Mel Koppelman Really enjoying hearing y’all’s thoughts on this. I just want to say that If I had thought that the chances of me being able to create positive change by joining FACT were high, I would have tempered the tone of my reply. But the simple fact that EE can’t even be factual or forthright about whose journal it is suggests an irreparable break with reality. And surely there’s an issue (academic? ethical? legal?) with recruiting someone to your board and denying an industry tie when there is one? Not to mention that if the RSP does fund his journal, he’s been lying about his conflicts of interest. Is that someone I want to spend time adding value to that could be spent with family, patients, time in nature or really making positive change by supporting the ANF? I’ll be interested to read his reply if there is one and especially how he responds regarding the relationship between FACT and RSP. Will keep y’all posted. 

Mel, you are amazing! Can’t wait to read how this plays out. Understand your concerns and think the way you have dealt with him is very professional. Go Mel!!
 
Great reply Mel. I would very much share your concerns about getting into bed with EE, so to speak (sorry for that image!). One day Hollywood will make a movie about this…
END OF FIRST SET OF COMMENTS; THE FOLLOWING COMMENTS WERE POSTED AFTER MEL PUBLISHED MY REPLY

Max Forrester keep your friends close; keep your enemies closer…

Ooh. ..he’s not a happy bunny
Such a soap opera…
 
I’m loving all these updates, who needs a telly lol. Jokes aside, thank you Mel for fighting our battles so eloquently. I would definitely buy the book if you decided to write one
 
OK this is interesting. The two American editors of FACT are William M. London who “currently writes and teaches about scientifically implausible and fraudulent health care practices”, and Stephen Barrett of Quackwatch (see a devastating critique of him here: http://www.quackpotwatch.org/quackpots/quackpots/barrett.htm). 
 
De-licensed MD Stephen Barrett. What kind of man would drop out of the medical profession and dedicate his life to STOPPING advancement in the health sciences?> <title>De</title> <base target=
quackpotwatch.org

John McDonald Healthy skepticism! Healthy journal! And it’s 99% fact-free! 

I think your talents are better used elsewhere than being co-opted to the Ernst prejudice-engine, Mel!
END OF COMMENTS

I hope that you find these exchanges as amusing as I did – but are they important? Perhaps not exactly, but revealing certainly. They shed some light on the mind-set of acupuncturists and perhaps other alternative practitioners as well. Let me try to explain.

What struck me first was the degree of suspicion, even outright hostility from the acupuncturists. I had made it quite clear that I was asking Mel to join my Editorial-Board because of her views which vastly differ from mine. In science, differences of opinions and backgrounds can be stimulating and often generate progress. That is not something that seems to be wanted by alternative practitioners; they do not seem to tolerate criticism, different perspectives or views. One cannot help asking to what degree this attitude is immature or even dogmatic.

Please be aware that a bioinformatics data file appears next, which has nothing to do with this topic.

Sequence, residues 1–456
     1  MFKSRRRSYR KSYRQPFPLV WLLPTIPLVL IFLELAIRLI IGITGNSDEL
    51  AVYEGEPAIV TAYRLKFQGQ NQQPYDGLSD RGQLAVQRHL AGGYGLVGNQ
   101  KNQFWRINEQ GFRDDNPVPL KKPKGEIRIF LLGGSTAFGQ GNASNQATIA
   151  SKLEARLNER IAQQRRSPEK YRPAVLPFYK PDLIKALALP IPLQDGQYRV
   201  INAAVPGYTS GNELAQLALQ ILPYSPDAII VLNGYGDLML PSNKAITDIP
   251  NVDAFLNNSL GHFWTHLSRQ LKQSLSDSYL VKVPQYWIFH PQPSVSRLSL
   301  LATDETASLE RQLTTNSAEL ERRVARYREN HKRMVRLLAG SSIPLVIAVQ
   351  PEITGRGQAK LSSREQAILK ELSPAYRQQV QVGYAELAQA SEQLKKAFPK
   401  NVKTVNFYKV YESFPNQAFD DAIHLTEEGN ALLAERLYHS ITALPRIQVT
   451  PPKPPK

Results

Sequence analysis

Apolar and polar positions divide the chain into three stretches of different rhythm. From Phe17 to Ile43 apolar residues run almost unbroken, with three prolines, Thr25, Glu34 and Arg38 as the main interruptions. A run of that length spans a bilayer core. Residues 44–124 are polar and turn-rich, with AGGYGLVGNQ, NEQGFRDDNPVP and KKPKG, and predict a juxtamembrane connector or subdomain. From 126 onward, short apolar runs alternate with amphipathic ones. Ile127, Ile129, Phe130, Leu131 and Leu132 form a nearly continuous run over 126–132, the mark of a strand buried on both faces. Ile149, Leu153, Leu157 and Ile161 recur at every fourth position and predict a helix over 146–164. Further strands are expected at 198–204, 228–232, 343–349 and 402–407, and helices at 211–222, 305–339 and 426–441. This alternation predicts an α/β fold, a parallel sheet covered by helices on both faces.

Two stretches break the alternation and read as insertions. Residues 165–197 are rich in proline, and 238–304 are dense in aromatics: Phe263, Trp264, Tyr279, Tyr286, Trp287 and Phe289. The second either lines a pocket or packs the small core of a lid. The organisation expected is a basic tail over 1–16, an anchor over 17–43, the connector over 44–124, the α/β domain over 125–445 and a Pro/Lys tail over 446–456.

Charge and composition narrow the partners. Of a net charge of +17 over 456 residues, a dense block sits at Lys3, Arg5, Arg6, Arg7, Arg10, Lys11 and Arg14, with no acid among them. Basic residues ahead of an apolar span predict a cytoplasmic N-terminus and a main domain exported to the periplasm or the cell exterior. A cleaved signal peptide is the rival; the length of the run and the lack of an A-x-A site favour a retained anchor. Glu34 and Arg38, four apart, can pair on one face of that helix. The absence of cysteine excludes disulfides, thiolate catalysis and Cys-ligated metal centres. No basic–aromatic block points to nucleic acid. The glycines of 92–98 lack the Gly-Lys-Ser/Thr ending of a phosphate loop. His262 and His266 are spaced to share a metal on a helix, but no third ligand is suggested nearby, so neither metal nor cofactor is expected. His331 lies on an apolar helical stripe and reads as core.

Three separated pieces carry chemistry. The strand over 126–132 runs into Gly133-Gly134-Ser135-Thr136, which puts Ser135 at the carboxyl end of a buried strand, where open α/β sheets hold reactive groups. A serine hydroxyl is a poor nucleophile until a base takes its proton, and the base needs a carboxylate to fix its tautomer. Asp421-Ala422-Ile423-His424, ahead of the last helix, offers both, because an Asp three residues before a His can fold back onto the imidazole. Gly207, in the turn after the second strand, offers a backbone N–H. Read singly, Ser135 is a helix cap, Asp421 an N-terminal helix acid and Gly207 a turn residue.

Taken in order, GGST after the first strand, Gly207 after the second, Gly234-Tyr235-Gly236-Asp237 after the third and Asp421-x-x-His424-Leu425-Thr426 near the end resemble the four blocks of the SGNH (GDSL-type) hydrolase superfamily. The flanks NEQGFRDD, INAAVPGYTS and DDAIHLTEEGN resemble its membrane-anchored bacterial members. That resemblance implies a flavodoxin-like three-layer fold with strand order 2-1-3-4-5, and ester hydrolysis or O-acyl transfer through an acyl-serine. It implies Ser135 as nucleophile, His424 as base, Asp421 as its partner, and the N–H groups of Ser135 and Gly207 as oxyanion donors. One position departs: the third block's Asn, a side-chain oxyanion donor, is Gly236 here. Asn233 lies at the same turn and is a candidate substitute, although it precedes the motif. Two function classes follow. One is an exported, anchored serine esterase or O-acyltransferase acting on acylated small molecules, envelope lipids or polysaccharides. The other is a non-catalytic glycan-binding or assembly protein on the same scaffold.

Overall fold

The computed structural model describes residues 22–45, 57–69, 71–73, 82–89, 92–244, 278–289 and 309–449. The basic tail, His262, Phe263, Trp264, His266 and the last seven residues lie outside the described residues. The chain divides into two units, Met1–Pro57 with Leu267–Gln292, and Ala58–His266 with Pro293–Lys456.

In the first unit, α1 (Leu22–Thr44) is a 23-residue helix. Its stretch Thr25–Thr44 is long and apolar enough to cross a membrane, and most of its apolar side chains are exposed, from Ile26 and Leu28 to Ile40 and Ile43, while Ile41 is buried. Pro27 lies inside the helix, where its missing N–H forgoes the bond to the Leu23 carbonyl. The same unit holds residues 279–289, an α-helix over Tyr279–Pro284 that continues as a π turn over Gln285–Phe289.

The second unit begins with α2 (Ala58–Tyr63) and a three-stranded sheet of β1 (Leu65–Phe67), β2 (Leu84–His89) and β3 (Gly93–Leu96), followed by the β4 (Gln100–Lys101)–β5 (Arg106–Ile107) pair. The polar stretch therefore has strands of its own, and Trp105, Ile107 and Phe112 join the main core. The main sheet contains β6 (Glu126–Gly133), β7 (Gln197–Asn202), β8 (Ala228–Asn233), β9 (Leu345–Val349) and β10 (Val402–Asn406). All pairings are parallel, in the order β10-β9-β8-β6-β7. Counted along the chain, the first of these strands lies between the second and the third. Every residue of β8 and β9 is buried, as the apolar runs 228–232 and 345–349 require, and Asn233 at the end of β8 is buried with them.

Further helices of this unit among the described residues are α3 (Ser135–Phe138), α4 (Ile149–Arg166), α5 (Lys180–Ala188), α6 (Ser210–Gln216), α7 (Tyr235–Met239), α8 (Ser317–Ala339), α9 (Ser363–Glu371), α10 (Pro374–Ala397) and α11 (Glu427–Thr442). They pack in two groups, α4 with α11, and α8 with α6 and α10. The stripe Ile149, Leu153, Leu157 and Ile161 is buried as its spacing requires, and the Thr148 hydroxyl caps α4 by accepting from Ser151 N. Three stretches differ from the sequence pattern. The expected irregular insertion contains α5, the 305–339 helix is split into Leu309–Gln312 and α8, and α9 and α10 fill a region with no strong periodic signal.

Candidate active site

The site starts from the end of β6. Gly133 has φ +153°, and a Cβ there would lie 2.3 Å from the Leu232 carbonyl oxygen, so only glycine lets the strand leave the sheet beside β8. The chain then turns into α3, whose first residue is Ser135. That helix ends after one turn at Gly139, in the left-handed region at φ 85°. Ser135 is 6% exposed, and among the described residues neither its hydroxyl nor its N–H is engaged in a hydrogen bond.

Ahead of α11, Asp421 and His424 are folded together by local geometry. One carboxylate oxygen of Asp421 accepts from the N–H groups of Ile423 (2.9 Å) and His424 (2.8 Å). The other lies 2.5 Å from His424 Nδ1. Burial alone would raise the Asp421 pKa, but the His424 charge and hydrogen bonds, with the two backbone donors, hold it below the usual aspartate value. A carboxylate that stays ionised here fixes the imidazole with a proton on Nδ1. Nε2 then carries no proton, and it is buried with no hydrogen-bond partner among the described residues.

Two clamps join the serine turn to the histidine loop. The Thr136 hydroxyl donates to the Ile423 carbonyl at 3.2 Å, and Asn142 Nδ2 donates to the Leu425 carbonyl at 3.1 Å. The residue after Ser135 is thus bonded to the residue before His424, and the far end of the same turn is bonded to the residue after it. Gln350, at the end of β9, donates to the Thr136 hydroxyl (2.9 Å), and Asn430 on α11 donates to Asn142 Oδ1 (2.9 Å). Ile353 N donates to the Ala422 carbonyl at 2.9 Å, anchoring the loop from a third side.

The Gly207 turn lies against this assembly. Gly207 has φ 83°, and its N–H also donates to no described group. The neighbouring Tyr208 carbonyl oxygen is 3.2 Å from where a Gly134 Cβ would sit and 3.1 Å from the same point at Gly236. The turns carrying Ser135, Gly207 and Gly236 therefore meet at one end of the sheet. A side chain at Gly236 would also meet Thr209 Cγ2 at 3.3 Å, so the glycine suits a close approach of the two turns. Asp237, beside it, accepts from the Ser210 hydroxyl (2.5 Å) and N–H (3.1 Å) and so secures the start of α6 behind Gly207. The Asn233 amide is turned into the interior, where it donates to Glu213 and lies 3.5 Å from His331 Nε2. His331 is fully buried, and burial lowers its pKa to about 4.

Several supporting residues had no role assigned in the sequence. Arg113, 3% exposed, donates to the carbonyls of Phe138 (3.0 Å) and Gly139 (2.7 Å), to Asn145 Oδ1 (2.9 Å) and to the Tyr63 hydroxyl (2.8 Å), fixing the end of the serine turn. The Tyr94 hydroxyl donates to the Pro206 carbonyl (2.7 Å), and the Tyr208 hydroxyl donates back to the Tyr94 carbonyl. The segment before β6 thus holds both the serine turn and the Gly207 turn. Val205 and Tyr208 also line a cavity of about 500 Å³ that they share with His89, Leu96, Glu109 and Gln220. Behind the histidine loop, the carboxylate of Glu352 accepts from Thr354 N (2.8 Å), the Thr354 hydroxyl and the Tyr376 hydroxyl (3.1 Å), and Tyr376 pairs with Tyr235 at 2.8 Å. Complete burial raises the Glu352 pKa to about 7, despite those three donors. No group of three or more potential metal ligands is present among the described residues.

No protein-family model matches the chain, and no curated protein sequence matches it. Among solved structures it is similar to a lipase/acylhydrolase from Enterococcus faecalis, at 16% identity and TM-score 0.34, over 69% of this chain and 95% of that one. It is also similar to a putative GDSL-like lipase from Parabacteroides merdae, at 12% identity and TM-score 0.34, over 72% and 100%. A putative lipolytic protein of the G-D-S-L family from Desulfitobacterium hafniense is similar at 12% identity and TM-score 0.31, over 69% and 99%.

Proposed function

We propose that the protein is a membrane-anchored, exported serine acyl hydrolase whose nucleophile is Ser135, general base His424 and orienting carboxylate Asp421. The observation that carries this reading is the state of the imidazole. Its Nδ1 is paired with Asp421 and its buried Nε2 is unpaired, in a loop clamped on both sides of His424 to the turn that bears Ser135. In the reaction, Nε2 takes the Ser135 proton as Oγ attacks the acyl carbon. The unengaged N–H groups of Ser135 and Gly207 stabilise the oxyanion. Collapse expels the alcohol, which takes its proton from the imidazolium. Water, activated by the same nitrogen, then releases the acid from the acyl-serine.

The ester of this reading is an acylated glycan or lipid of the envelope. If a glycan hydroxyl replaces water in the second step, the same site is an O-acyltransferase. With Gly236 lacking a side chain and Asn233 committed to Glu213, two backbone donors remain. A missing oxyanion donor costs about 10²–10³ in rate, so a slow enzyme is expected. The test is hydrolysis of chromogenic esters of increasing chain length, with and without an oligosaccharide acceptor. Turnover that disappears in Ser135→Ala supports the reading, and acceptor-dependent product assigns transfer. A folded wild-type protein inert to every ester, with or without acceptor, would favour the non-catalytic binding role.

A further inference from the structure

The next thing that baffled me was the speed with which conclusions are jumped upon. Everyone seemed to be instantly convinced that I was via my journal FACT in the pocket of the pharmaceutical industry. Nobody even bothered to look up what the Royal Pharmaceutical Society truly stand for and to verify that they do NOT represent ‘BIG PHARMA’. This blindness to the possibility of being wrong confirms my fear that alternative therapists are guided by strong beliefs which must not be questioned and are hard to influence, even with facts that take less than a minute to research.

And then there are, of course, the personal attacks which came quick, thick and fast. Its authors might think that such attacks get under my skin. If so, they are mistaken: if anything, they amuse me! I have long been of the opinion that they are important victories of reason. When an acupuncturist went as far as diagnosing me as being borderline psychopathic, I almost fell off my chair laughing! To me, this remark (which has emerged several times before) is emblematic, as it suggests several things at once:

  • The author is obviously rude
  • He/she is incompetent, even stupid
  • He/she lacks empathy – after all, one would expect from a healthcare professional to show some understanding, if I were truly ill! And if not, one would expect more respect towards mentally ill patients.
  • But, of course, he/she did not mean it like that; he/she merely meant to insult me. And employing mental health issues for this purpose shows a remarkable lack of professionalism, in my view.
[Whenever I or someone in a similar position point out such things, the ‘other side’ starts shouting “AD HOMINEM!” Do they not see that my analysis of their attempted insult is merely a reaction to their ad hominem?]

Am I making too much of all this? Perhaps – sorry, I am almost done.

But first I need to briefly address Mel’s doubts about my integrity. She can, of course, question what she likes as often as she wants. My point is that repeating nonsensical arguments ad nauseam does not render then sensical.

Finally, there is Mel’s public claim that I have been lying about my conflict of interests. To me, it suggests a degree of desperation, perhaps even fanaticism, that is only surpassed by her inability to apologize after the truth had become undeniable even to her.

I know that there are some people who would have sued for libel.

Not I!

For that I find all this far too hilarious.

I have previously reported about the issue of homeopathy on the NHS in Liverpool here. Since then, the NHS Liverpool Clinical Commissioning Group (CCG) has conducted a consultation on whether to continue funding. Personally, I think such polls are a daft waste of resources.